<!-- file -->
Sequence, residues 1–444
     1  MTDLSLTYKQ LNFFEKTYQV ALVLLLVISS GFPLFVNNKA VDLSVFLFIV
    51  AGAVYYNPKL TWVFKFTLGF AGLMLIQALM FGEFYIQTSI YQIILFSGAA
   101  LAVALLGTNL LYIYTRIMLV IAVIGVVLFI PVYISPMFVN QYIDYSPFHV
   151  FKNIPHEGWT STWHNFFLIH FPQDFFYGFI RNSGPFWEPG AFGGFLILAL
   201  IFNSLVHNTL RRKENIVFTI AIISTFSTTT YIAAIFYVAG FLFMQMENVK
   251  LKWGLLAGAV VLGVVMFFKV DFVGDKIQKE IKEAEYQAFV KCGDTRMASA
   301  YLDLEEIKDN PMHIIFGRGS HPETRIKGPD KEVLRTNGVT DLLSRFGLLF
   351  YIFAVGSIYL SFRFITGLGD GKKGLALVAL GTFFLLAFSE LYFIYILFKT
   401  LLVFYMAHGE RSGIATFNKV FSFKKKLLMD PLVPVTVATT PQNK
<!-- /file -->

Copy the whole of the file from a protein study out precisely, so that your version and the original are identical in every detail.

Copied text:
Sequence, residues 1–444
     1  MTDLSLTYKQ LNFFEKTYQV ALVLLLVISS GFPLFVNNKA VDLSVFLFIV
    51  AGAVYYNPKL TWVFKFTLGF AGLMLIQALM FGEFYIQTSI YQIILFSGAA
   101  LAVALLGTNL LYIYTRIMLV IAVIGVVLFI PVYISPMFVN QYIDYSPFHV
   151  FKNIPHEGWT STWHNFFLIH FPQDFFYGFI RNSGPFWEPG AFGGFLILAL
   201  IFNSLVHNTL RRKENIVFTI AIISTFSTTT YIAAIFYVAG FLFMQMENVK
   251  LKWGLLAGAV VLGVVMFFKV DFVGDKIQKE IKEAEYQAFV KCGDTRMASA
   301  YLDLEEIKDN PMHIIFGRGS HPETRIKGPD KEVLRTNGVT DLLSRFGLLF
   351  YIFAVGSIYL SFRFITGLGD GKKGLALVAL GTFFLLAFSE LYFIYILFKT
   401  LLVFYMAHGE RSGIATFNKV FSFKKKLLMD PLVPVTVATT PQNK